St. Philippe et St. Jacques.

Fall 2007

I'm not a social person, so when I arrived in Nova Scotia it was easier for me to leave and spend hours on the road, then it was to strike up a conversation with any given classmate.

That's not to say I only traveled because I couldn't properly socialize; it was just easier at first to leave for the weekend than it was to sit in my room. In addition, I had never been east of Pittsburgh; so I was very excited by all these new, tasty travel locations which suddenly surrounded me.

It was on one of these early travels that I visited Prince Edward Island. In my write-up from last year, I made a passing reference to an 'old Acadian church by the ocean'; which should have set off red flags when you noticed that I didn't stop the car.

You knew better.

Well after returning from Prince Edward Island, the thought of that church continued to agitate me. The constant weak drizzle of sorry buildings in the valley of Nova Scotia didn't help either.

Sure the church was 5 hours away; but I knew it was there and it looked incredible. I had no idea if it was accessible or not, but regardless, I ignored the collection of texts I got from various newfound friends one night and drove out of the province.

Prince Edward Island is somewhat built up in Charlottetown; but not in the least bit anywhere else. It is tiny, completely defined by the primary roads and there's not exactly good places to park your vehicle undetected. I drove around in frustration, but the absence of people also led me to minimize the amount of driving I did in this small town at 5 in the morning.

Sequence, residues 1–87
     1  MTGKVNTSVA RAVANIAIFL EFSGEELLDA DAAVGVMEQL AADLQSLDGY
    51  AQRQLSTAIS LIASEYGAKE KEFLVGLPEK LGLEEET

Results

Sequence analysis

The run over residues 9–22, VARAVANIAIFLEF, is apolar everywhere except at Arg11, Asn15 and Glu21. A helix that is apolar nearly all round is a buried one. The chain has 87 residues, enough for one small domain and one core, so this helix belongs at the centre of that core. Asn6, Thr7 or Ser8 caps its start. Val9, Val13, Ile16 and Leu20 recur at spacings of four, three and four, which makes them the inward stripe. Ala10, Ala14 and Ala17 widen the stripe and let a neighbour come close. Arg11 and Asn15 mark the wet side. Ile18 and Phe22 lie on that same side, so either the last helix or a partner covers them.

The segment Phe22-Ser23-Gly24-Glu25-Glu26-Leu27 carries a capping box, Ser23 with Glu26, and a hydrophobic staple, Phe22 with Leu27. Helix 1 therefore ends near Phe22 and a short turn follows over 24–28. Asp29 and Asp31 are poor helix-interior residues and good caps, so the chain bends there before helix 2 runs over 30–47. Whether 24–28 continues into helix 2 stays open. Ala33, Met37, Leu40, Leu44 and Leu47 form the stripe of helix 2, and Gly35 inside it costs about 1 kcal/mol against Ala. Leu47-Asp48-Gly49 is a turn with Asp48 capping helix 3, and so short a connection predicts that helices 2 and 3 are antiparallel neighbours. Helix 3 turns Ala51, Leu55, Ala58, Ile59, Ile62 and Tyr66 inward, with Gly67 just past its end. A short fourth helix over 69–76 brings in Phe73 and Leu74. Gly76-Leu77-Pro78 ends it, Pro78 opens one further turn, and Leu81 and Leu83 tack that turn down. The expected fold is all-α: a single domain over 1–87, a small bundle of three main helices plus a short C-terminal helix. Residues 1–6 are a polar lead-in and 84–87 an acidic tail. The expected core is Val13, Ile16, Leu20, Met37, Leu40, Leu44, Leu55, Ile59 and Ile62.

I did notice one sand/gravel road cutting off the highway towards what appeared to be some type of meeting hall. Since it was Saturday, I figured it would be alright to head on down this road. My good luck became even more apparent, when I realized you didn't even have to park at the meeting hall - you could just continue on the road and park your car down by the ocean.

In hindsight, I guess someone would have been suspicious of a car parked by the ocean in its own right, but it was the best option I had.

As quiet and elegant as possible, I closed the car doors, threw my backpack over my shoulder and walked up the distinctive P.E.I. red sandstone road towards the church.

When I first entered it was still completely dark. Since there were houses fairly close, I covered my flashlight with one hand, so that a tiny beam of light could escape and faintly light me a path to somewhere to watch the sunrise.

I found myself in the bell tower at first, but the shutters didn't make for a very good view. I climbed down the maze of ladders and watched the brilliant yellow and soft pink sunrise from a regular window.

Once satisfied with the amount of time spent watching the colourful morning sky, I made my way back into the main church hall and found there still wasn't an adequate amount of light.

I sat down on the organ's seat and relaxed for a half hour or so; watching the main hall being painted by the rising sun in an ever so slow fashion.

Eventually there was enough light to be able to move through the church without the assistance of artificial light.